And against that backdrop, cryptocurrencies suddenly make sense.
Today, smart contracts and decentralized finance already enable early cryptocurrency adopters to borrow, lend and trade freely, constructing complex derivative contracts without a single banker involved.
Payments can be made anonymously, without so much as a meeting with a bank manager.
Because there is an unmistakable distinction between freedom in word and freedom in action, cryptocurrencies represent that freedom in action.
Casual observers and critics who merely see cryptocurrencies as tools for speculation and instruments to facilitate fraud are missing the point.
The thing about trends is that they’re only obvious after the fact.
One day, when scores of academics in their ivory towers pour over tomes of research and point out that the signs portending the rise of cryptocurrencies were obvious and present all along, that pivotal moment would already have passed for years.
Detecting the trends while living through them, now that’s another story altogether.
Blink too quickly and you’ll miss it.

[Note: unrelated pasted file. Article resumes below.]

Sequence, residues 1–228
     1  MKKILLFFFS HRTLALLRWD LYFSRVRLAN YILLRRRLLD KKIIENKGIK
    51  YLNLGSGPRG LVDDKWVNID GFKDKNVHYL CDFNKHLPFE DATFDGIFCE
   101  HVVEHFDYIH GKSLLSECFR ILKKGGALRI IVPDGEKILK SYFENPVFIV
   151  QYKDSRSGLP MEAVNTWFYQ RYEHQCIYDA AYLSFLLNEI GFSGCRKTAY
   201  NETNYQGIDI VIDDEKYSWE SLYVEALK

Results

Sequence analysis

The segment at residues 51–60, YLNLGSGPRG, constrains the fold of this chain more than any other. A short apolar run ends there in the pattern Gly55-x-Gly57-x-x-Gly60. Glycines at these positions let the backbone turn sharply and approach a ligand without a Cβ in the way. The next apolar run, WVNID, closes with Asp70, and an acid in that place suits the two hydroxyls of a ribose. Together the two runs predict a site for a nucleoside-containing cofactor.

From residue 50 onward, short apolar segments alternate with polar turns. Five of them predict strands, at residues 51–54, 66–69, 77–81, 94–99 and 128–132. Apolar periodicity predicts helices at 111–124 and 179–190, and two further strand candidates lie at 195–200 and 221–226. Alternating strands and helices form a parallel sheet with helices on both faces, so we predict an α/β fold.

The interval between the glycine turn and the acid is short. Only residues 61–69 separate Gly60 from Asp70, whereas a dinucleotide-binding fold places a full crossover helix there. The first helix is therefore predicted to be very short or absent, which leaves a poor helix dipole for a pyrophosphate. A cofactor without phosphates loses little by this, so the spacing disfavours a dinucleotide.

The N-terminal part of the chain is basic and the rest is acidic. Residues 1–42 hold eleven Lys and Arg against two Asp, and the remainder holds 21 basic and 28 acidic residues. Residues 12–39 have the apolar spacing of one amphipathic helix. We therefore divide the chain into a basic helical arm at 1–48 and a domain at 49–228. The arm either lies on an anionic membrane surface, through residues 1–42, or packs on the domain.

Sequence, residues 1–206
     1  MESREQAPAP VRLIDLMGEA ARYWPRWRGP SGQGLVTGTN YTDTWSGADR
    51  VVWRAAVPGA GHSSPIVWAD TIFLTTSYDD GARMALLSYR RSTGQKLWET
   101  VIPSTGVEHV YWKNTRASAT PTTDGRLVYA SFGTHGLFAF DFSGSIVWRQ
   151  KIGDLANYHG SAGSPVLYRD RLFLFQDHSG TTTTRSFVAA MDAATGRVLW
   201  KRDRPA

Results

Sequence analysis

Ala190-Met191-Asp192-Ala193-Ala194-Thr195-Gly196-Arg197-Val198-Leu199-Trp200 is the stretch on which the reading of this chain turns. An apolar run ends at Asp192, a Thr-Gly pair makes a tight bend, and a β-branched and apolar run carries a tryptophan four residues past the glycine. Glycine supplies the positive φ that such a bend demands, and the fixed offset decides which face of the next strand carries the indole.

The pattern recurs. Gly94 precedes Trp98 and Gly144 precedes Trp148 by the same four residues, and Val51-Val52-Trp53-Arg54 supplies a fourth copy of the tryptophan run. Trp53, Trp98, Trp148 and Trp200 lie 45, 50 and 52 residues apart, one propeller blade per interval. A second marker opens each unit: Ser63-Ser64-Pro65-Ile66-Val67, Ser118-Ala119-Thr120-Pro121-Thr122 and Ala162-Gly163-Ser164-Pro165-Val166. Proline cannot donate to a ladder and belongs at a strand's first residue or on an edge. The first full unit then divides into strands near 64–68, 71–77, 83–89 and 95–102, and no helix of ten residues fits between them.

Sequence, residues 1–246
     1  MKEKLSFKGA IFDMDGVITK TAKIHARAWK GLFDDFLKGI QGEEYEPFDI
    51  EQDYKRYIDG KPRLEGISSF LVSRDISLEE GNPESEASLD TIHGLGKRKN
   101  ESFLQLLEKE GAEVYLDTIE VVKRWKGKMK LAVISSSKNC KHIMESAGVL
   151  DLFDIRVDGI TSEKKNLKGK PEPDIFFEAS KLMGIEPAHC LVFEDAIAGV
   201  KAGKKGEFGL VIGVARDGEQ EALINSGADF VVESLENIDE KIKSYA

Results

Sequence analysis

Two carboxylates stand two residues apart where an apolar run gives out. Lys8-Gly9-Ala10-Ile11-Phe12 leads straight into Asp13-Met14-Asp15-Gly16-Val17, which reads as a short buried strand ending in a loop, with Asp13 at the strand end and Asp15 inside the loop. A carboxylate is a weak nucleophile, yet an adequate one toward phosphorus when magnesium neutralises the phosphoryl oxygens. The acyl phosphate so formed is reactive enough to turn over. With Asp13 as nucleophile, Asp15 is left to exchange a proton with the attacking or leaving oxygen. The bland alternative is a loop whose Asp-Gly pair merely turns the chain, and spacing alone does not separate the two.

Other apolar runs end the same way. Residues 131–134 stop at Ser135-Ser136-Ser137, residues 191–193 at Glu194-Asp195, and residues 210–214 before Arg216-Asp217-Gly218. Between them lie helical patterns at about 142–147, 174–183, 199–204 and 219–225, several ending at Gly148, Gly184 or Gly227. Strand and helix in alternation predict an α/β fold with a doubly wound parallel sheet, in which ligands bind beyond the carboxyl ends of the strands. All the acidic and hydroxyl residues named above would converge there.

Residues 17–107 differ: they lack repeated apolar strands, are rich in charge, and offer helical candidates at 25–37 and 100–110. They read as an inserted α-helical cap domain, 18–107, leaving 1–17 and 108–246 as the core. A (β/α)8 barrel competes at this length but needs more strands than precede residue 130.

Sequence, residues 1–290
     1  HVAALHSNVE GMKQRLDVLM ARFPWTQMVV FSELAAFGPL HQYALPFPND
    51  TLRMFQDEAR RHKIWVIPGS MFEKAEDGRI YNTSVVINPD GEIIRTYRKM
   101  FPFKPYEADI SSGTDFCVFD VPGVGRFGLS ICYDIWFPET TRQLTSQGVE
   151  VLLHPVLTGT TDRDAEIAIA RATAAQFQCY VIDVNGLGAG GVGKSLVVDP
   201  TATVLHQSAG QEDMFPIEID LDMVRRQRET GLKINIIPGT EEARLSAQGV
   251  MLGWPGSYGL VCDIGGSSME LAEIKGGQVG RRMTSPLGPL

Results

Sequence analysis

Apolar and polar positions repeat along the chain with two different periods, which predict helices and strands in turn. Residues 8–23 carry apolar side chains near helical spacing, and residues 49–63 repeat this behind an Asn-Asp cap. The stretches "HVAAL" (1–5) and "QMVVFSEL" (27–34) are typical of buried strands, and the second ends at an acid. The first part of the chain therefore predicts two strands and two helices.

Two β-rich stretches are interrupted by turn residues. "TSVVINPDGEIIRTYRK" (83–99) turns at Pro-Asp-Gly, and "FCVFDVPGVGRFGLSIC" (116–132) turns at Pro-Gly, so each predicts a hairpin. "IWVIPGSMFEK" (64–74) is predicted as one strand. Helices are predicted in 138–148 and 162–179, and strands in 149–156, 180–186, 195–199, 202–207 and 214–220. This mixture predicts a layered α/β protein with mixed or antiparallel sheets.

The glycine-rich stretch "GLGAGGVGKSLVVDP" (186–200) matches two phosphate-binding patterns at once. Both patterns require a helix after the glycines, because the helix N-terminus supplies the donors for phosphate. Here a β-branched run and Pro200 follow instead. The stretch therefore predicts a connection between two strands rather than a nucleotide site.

Just ask Buffett when he finally bets on Bitcoin.
Patrick is an innovative entrepreneur and a lawyer passionate about cryptocurrencies and the business world. He is the CEO of Novum Global Technologies, a cryptocurrency quantitative trading firm. He understands the business concerns of founders and business people helping them to utilise the legal framework to structure their companies to take advantage of emerging technologies such as the blockchain in order to reach greater heights. His passion for travel, marketing and brand building has led him across careers and continents. He read law at the National University of Singapore and graduated with Honors in the Upper Division and joined one of Singapore’s top law firms, Allen & Gledhill where he was called to the Singapore Bar as an Advocate & Solicitor in 2005. He created Purer Skin, a skincare and inner beauty company which melds the traditional wisdom of ancient Asian ingredients such as Bird's Nest with modern technology. In 2010, his partner and himself successfully raised $589,000 from the National Research Foundation of Singapore under the Prime Minister’s Office. He has played a key role in the growth of Purer Skin from 11 retail points in Singapore to over 755 retail points in Singapore and 2 overseas in less than a year. He taught himself graphic design, coding, website design and video editing to create the Purer Skin brand and finished his training at a leading Digital Media Company.